Mobile App Performance
Harry Cheung
695

Mobile App Performance Redux

Since my original post, I had requests for a more comprehensive test, so I decided to include more mobile development options. In addition to Java, Swift, C#, and Ruby, I ported my logic to Objective-C and JavaScript and C++. Objective-C allowed me to get a true baseline on iOS, and JavaScript allowed me to test webviews, mobile browsers and Titanium. Facebook’s React Native will get tested when it is released.

Testing setup

Just like before, I ran each test 10 times and took an average. However, I changed the logic a little bit from my previous test, which caused the new tests to be a little more computationally expensive. Here is all the relevant version numbers:

  • Apple iPad Air 2 / iOS 8.2
  • Apple iPhone 6 / iOS 8.2
  • HTC Nexus 9 (2014) / Android 5.0.1
  • Motorola Moto X (2014) / Android 5.0
  • Xcode 6.3 beta 3(6D532l)
  • Android Studio 1.1.0
  • RoboVM 1.0 (1.0.0.201503101143)
  • RubyMotion 3.6
  • Xamarin Studio 5.8 (Xamarin.iOS 8.8.0.2 / Xamarin.Android 4.20.0.37)
  • J2ObjC 0.9.6.1
  • Titanium Studio 3.4.1.201410281727 / Titanium SDK 3.5.0

The source is located here: https://github.com/harrycheung/Mobile-App-Performance.

The Results

Here is the test results in spreadsheet form.

  • Xamarin crushes my benchmark and is (no longer) the king of the hill. At over 30% quicker than Objective-C, I find it hard to find a reason not to use it. An eagle-eye will remember there is a big difference between this result and the result from my original post. @migueldeicaza pointed out I should not be using DateTime.UtcNow since it has performance limitations. It turns out I had some cruft so I took it out, and this was the result. The performance is so great that I have to imagine there is some magic involved.
  • With the addition of Objective-C, we see that J2ObjC does a pretty good job of transpiling the Java code to Objective-C with only a 10% performance hit. When Swift is added to the picture, both the Objective-C and J2ObjC hybrid apps perform the same. This leads me to conclude the Swift bridge overhead was pretty significant.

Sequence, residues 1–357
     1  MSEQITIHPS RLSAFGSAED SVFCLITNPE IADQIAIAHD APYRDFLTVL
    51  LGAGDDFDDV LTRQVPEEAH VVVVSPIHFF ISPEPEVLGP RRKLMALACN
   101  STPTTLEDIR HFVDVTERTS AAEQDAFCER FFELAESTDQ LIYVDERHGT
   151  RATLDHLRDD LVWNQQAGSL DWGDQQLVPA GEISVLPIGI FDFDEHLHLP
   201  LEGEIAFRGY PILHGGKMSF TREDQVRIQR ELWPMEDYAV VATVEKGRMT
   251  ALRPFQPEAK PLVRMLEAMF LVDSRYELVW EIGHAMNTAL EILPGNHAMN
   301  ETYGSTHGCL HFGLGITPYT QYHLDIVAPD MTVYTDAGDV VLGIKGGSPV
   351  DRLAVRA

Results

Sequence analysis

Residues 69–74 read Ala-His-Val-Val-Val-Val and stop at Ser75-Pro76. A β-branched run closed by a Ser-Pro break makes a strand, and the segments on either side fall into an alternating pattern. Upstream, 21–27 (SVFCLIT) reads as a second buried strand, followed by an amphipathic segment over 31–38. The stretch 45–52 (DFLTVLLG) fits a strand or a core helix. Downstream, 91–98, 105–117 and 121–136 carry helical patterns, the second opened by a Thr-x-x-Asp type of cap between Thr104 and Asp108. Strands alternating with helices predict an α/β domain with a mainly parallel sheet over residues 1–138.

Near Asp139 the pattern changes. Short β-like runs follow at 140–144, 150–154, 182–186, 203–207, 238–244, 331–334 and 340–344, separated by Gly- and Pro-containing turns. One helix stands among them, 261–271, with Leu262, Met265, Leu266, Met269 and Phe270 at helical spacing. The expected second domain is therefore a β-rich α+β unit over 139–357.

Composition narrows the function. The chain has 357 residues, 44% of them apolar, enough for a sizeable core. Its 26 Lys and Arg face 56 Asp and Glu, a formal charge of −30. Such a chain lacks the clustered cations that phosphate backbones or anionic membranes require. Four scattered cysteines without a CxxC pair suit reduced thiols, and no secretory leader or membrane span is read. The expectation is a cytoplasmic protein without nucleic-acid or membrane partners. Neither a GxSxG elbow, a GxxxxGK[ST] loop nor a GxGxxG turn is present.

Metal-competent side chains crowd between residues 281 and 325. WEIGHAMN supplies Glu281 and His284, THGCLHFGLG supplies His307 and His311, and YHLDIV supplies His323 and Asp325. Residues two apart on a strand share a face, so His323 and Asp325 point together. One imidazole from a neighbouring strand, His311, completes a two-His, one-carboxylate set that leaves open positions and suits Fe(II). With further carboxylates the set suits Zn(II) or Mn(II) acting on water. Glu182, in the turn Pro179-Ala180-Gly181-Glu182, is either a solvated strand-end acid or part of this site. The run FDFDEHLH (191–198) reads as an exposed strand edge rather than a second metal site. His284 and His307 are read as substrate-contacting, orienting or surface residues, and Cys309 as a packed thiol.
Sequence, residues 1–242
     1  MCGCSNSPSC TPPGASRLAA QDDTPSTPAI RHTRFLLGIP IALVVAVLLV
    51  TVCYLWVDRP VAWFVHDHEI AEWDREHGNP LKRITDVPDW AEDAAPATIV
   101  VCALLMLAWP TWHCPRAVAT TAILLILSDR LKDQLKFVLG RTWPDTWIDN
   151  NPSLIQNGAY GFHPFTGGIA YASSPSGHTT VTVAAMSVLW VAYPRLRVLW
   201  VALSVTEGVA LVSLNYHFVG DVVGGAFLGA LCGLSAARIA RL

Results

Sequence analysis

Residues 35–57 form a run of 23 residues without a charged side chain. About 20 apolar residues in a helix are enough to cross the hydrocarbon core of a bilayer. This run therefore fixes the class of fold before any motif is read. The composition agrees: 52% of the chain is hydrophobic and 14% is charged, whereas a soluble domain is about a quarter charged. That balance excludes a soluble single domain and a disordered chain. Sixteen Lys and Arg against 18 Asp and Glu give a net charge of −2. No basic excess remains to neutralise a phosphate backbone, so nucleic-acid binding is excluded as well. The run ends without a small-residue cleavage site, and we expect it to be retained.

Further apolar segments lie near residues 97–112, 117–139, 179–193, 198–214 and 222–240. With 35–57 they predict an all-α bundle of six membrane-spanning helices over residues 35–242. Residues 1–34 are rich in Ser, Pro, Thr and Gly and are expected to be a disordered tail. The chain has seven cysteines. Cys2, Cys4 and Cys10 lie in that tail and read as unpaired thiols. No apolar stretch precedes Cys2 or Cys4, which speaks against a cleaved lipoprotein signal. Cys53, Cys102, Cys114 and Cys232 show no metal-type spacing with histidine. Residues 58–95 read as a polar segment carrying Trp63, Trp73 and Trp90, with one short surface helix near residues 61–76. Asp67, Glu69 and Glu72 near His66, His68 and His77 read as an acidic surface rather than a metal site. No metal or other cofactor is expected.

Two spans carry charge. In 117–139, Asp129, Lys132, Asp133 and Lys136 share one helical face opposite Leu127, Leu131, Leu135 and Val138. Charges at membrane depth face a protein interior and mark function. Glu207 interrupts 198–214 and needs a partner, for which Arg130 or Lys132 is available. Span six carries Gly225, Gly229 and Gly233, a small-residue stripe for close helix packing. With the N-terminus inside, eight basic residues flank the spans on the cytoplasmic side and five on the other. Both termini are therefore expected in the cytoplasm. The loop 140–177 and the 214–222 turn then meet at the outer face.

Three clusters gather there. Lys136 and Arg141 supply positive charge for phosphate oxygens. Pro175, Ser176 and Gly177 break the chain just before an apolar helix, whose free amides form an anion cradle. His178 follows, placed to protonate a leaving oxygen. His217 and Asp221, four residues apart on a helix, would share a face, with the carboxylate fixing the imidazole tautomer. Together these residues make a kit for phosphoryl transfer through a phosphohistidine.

• RoboVM has been officially released, and the performance is still outstanding, especially since I can compare it against Objective-C. I just really wished they supported Xcode storyboards.
  • Of course, Safari and WKWebView exhibit about the same performance, and it is clear that Apple did some work to improve their JavaScript engine since both of those outperform Chrome and Titanium. The most telling observation from the JavaScript apps is how well they all performed relative to RubyMotion. RubyMotion is compiled down to ARM bytecode, and it still cannot compete.
  • I find it a little weird that the Android WebView app perform so differently than Chrome on Android. I assume that both would have the same JavaScript engine, but it appears that they do not.

Update 3/17/15 9pm

@jl_hfl pointed out that I was handicapping Swift by using class instead of struct for Point. I restructured my code and we have a new king of the hill. I love seeing these performance increases with small tweaks. Please keep sending in the suggestions. Let us get each app optimized!

Update 3/19/15 3pm

Everyone has been asking for this so here it is. I ported my logic to C++. As expected, the C++ port performs the best on both platforms. What is incredible is how close Swift, Xamarin, and RoboVM are to C++ performance. Now, I will let someone else come up with an assembly port.

Update 3/22/15 5pm

I added benchmarks for a HTC Nexus 9 to give a perspective on how the best of both platforms compare. Note that Chrome’s JavaScript engine makes a big jump and is very fast on this tablet compared to the Moto X. There must be some major optimizations for the Nvidia’s K1 Tegra cpu on the Nexus 9.

Update 3/23/15 10am

I added results for the iPhone 6. When I ran these tests on the iPhone 6, I noticed that J2ObjC was outperforming Objective-C. I confirmed this on my iPad 2 Air. The biggest difference between when I originally ran the iPad tests and now is a little code restructure. Before, the code was not technically sharing the logic between apps. I copied the logic files to each project, and there might have been code divergence. Recently, I consolidated all the shared logic into one place so that each project pulls from the same files.

In general, it seems that the iPad Air 2 does not have a huge speed difference from the iPhone 6 in single core processing. The CPUs are very similar between the two devices with the exception that the iPad has one more core and a 100 MHz speed bump. However, notice that WKWebView performs the same on both devices. I am not sure what to make of that. Usually, that indicates being disk or network bound, but my app does not use any of those resources.